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Technology, Globalization & Social Responsibility

Three Major Market Forces

  1. Technology
  2. Globalization
  3. Social Responsibility

1. Technology

The speed and scale at which technological achievements are progressing are staggering and intimidating. There has been a swift rise in e-commerce, mobile internet and web penetration in upcoming markets. Keeping this in mind, it is important for brand marketers to enhance their digital strategies.

Ginormous quantities of information about almost everything is accessible to marketers and consumers. The old saying “information is power” needs to give way to the new idea that “sharing information is power”.

Example – Amazon Data Lake

The worldwide financial operations team of Amazon has the daunting task of tracking almost petabytes of data. One tiny miscalculation of metric or delay in data collection and calculation can have an impact worth millions of dollars.

Keeping in mind the severity of the situation, in 2019, a solution was offered to make a data lake that can hold up one of the largest logistics networks on the planet. This data lake was internally called Galaxy Data Lake.

After the conception of the galaxy data lake, all different teams are now working on transferring their data into it. A data lake is a centralized guarded vault.

Example – Amazon Data Lake

It lets you stock, administer, locate and shares all of your organized and unorganized data at any scale. Data lakes do not need a pre-defined schema. That is why raw data can be processed without knowing what insights you might want to explore in the future.

Amazon Data Lake

Example – Amazon Prime Air [Drone Delivery]

FAA approved Amazon’s Prime Air drone delivery fleet in August 2020. The drone delivery service was expected to begin operations by late 2019 in select cities. However, the service is yet to materialize as of October 20th.

The exciting Prime Air service will use delivery drones to independently fly single packages to customers. The aim is to deliver solo packages within 30 minutes of ordering. The testing for the service was started in 2013 Amazon joined UPS and Alphabet-owned Wing, which had previously won FAA approval for their drone delivery operations.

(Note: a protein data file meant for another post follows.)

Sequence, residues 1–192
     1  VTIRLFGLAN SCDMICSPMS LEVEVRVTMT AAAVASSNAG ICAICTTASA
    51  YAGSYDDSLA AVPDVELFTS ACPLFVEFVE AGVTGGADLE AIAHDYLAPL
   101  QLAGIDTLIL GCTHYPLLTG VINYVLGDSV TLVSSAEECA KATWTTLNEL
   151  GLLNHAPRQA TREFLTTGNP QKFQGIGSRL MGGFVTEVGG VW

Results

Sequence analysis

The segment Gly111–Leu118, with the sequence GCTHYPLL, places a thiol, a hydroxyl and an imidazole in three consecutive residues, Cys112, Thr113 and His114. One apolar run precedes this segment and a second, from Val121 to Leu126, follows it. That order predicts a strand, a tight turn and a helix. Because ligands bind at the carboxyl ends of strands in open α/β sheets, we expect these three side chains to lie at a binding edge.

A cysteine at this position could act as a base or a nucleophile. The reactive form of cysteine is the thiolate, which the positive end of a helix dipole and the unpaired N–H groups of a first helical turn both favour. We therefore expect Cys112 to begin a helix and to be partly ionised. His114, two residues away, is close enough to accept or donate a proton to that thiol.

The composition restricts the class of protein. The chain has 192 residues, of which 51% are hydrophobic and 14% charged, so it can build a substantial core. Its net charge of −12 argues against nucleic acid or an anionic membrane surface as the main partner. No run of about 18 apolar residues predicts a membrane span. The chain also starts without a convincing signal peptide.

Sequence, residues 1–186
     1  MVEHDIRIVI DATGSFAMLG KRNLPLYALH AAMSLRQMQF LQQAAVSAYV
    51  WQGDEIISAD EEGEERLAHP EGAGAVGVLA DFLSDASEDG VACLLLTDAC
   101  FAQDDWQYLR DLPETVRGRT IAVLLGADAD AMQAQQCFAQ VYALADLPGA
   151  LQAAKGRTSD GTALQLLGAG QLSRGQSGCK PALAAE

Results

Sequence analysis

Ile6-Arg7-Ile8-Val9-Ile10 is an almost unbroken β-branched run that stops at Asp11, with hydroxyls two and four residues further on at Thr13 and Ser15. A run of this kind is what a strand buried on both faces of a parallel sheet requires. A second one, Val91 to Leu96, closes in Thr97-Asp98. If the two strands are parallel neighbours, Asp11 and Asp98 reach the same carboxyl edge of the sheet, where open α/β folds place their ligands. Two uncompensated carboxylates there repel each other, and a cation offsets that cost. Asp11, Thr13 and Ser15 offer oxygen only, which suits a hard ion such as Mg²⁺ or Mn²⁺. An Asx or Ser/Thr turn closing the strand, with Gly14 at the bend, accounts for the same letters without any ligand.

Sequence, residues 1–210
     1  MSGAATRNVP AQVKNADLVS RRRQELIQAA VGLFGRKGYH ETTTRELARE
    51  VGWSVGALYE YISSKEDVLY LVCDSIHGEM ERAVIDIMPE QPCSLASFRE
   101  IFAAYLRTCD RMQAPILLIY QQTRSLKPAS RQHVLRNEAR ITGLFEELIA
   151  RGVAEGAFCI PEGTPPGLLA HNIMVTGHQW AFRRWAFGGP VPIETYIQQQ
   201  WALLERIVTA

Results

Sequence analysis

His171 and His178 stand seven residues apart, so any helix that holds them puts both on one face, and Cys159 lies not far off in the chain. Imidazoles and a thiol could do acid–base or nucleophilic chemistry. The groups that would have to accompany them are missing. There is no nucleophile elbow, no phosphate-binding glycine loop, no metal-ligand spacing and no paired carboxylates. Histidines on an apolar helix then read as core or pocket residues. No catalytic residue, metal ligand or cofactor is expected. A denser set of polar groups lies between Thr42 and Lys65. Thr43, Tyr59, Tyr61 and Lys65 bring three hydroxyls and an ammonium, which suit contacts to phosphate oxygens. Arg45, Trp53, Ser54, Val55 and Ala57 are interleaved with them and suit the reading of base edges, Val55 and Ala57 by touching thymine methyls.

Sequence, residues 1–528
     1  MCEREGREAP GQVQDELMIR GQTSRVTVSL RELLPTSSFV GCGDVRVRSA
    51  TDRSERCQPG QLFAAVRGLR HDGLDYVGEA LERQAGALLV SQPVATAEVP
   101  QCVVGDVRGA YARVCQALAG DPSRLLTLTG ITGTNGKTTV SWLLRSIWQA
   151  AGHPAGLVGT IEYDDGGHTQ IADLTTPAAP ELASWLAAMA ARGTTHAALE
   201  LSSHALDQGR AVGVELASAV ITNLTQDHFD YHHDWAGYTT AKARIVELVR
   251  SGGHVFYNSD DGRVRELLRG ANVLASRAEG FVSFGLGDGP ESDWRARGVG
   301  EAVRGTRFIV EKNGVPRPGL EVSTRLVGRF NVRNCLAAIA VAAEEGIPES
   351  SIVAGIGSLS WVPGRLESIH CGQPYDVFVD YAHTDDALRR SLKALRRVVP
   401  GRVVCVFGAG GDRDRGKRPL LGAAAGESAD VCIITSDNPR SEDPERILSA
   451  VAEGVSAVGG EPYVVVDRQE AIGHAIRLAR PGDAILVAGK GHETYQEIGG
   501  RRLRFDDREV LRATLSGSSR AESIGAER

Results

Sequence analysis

Example – JD.com [Drone Delivery]

JD.com was one of the first e-commerce company worldwide to use drone technology for such type of commercial use. It started using drones to reach customers in some of China’s difficult-to-reach remote areas. It was during the Singles Day (November 11th) sales festival of the year 2016 that the company used innovative drone technology.

  • JD X developed the drone infrastructure.
  • JD X is JD’s research and logistics innovation lab.
  • It concentrates on creating smart logistics solutions for the company.
  • The aim is to make the transport of goods from their warehouses to Chinese customers, quicker, cheaper and more efficient.
  • Emergency relief efforts have used JD drones for several years.

They played a major part in assisting the fight against COVID-19.

In Dalad Banner county in Inner Mongolia, a community, Dongyuan Xincun was deeply impacted by COVID-19. 36 buildings and around 800 families in the community had to stay at home to avoid the risk of cross-infection. JD’s drones were a massive help in disinfecting the community, two days before the opening of the community.

It was a safe and very efficient approach without the need for any human labour. This resulted in a considerable reduction in the risk of cross-infection. The drone flew within a radius of 5 kilometres carrying disinfectant weighing 10kg.

2. Globalization

  • New transportation, shipping, and communication technologies have made the world a smaller place.
  • It certainly has made it easier for everyone to know the rest of the world, to travel, and to buy/sell anywhere.
  • Companies now have the opportunities to take lessons and marketing ideas from one country and apply them to another.